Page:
My point in stating this was to convey the message that I am just a regular woman who is concerned about the level of tznius in our communities. I am not someone who gets up at a kinos or gives shiurim. I am your friend who you shmooze with on the phone, I am a mother in your child’s yeshiva, and I shop at the same stores that you do.

    Hope that clears things up for ya’!

    #662345

    Actually NY Mom – I am still unclear and I guess will remain so

    See, I just can’t understand as a baalas teshuva what is up with the labels.

    Oh how HATE them. The idea that one could be identified as a MO Jew seems to be automatically substandard.

    And on the flip side the Yeshivish crowd far superior – so they think.

    I am not labeled in fact I don’t really fit into any specific category totally other than Jewish. Its really nice.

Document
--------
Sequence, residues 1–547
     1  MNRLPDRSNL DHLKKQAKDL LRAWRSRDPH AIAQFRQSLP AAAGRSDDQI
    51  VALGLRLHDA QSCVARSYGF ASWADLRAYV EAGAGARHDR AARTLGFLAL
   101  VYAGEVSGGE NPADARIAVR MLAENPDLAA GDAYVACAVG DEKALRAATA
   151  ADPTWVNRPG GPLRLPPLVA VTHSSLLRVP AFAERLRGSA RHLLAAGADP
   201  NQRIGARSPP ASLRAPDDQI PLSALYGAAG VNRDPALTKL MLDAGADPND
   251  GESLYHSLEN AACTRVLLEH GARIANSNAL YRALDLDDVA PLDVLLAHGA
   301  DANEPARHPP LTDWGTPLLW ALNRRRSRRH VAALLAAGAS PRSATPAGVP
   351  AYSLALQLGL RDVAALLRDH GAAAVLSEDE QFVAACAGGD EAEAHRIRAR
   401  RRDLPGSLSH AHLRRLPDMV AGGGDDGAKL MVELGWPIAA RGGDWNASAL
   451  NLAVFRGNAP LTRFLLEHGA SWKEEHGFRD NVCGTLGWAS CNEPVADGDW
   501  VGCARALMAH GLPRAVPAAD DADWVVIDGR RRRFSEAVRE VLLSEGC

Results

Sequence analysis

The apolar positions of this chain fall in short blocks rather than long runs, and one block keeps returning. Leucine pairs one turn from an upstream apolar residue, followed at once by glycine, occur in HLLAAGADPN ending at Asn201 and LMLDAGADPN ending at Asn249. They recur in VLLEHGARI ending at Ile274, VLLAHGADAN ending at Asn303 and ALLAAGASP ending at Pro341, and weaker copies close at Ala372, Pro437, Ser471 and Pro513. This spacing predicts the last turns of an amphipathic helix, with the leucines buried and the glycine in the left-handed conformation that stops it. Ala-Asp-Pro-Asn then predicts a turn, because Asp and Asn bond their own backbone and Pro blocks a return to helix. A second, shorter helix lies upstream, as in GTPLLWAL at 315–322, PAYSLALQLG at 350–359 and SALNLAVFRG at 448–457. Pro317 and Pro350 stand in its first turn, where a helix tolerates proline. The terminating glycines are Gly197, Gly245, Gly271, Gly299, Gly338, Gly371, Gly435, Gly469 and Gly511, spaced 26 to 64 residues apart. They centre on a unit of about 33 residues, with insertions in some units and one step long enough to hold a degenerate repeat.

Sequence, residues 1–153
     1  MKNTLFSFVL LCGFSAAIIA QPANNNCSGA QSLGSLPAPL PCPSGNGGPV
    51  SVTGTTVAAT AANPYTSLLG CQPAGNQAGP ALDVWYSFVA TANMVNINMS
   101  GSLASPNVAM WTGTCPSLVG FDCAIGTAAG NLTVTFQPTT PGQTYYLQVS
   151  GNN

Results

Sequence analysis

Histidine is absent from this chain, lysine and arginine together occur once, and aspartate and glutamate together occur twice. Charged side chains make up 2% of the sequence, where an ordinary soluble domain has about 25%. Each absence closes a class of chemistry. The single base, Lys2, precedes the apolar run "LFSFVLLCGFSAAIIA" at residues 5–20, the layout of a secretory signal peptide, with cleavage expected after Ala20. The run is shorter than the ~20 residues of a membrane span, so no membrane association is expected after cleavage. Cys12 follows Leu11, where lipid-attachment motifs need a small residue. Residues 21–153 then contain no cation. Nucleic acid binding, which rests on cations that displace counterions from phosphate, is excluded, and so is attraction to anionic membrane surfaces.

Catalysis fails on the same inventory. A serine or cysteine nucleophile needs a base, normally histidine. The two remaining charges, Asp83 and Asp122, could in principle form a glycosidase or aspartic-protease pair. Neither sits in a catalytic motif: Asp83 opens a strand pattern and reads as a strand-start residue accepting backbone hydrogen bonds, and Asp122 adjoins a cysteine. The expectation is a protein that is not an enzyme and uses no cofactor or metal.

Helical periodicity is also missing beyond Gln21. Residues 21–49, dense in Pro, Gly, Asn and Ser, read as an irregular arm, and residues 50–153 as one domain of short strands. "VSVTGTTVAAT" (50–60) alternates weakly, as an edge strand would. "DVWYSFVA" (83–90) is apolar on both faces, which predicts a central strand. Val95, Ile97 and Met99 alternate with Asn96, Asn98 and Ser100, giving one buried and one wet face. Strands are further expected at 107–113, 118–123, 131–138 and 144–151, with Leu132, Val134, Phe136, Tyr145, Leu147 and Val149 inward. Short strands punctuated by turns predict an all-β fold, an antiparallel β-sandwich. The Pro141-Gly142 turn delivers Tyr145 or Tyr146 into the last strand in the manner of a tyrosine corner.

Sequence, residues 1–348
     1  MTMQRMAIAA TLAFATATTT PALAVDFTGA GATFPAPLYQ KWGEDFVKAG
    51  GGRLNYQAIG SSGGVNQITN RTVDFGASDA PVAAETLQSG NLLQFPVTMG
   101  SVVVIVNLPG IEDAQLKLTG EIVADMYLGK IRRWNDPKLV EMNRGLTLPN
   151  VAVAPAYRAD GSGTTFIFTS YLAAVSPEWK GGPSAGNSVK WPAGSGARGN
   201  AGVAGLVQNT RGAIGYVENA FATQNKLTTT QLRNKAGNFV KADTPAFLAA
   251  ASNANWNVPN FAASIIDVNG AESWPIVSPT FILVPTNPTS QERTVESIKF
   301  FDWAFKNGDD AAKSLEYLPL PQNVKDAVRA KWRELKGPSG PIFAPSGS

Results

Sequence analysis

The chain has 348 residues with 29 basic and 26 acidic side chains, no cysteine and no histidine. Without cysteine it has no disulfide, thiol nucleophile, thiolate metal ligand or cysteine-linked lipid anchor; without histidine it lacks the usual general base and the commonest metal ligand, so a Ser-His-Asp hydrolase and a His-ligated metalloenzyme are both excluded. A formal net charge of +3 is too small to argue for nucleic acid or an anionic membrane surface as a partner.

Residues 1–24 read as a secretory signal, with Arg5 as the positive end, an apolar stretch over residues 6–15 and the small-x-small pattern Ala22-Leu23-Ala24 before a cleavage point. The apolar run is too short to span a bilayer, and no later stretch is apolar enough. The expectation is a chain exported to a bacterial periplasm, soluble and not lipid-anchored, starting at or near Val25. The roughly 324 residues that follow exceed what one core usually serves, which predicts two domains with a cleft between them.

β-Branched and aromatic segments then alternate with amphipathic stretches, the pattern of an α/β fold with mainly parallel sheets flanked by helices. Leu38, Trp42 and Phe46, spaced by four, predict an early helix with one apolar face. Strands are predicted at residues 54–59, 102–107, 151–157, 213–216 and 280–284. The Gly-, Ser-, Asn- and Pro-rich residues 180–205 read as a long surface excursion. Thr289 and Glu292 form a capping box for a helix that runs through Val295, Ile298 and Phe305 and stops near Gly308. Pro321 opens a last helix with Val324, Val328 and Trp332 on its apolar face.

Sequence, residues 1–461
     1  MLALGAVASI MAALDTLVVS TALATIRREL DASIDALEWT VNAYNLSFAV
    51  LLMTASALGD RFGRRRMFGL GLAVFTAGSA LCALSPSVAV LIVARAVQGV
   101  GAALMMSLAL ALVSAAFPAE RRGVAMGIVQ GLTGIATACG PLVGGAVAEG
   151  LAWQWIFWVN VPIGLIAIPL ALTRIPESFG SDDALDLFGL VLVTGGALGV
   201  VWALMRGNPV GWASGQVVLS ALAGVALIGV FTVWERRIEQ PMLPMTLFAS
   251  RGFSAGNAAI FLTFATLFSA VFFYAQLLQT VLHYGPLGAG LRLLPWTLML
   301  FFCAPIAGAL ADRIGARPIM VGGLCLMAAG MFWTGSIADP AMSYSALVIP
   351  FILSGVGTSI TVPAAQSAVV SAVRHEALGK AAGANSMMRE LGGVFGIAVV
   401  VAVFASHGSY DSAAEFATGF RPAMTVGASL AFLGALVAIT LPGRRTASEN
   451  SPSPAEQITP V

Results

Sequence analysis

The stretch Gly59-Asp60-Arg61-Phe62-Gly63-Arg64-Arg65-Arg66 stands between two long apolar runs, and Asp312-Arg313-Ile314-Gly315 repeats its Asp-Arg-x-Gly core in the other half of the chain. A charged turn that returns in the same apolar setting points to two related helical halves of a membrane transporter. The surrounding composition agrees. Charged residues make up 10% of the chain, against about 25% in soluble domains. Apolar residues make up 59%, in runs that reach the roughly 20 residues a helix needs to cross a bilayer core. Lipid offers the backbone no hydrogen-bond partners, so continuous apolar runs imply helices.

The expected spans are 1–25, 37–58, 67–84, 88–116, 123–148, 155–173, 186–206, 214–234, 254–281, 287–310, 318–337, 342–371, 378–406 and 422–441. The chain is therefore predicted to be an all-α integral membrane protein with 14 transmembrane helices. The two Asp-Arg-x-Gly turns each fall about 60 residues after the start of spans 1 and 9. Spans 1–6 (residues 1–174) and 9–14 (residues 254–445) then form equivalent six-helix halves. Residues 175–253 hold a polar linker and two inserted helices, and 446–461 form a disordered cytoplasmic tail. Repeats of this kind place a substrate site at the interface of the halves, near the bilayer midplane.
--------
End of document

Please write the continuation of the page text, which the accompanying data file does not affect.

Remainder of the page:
I am educated, and work outside of the home not in the chinuch world so it may appear that I’m MO. I cover my hair and do not wear pants, am shomer shabbos, kashrus and taharas hamishpacha.

    So as you stated some MO wear short sleeves and some wear pants and some ……….why the need to generalize? It really becomes not so tziusdik to speak in such ways, IMO

    #662346

    It also occurs to me that the Rebbitzen is also a “regular” woman, who has children in the same yeshiva as my children and she also shops in the same stores I shop in. She puts her sheitel on the same way I do and she is human as I am. She is not more or less concerned about tzius than me or anyone else.

    #662347

    Joseph
    Participant

    smalltown – If a Rebetzin is just another Chanie Doe, what makes her a Rebetzin?

    As far as the labeling, some of the people you refer to label themselves.

    #662348

    Joseph,

    In reality, only that she is married to the Rav –

    I believe that we need to acknowledge that the rebbitzen is just as human as we are.

    As far as the labeling…whether you label me or I label myself…it is very often improper, unkind, and maybe even inaccurate.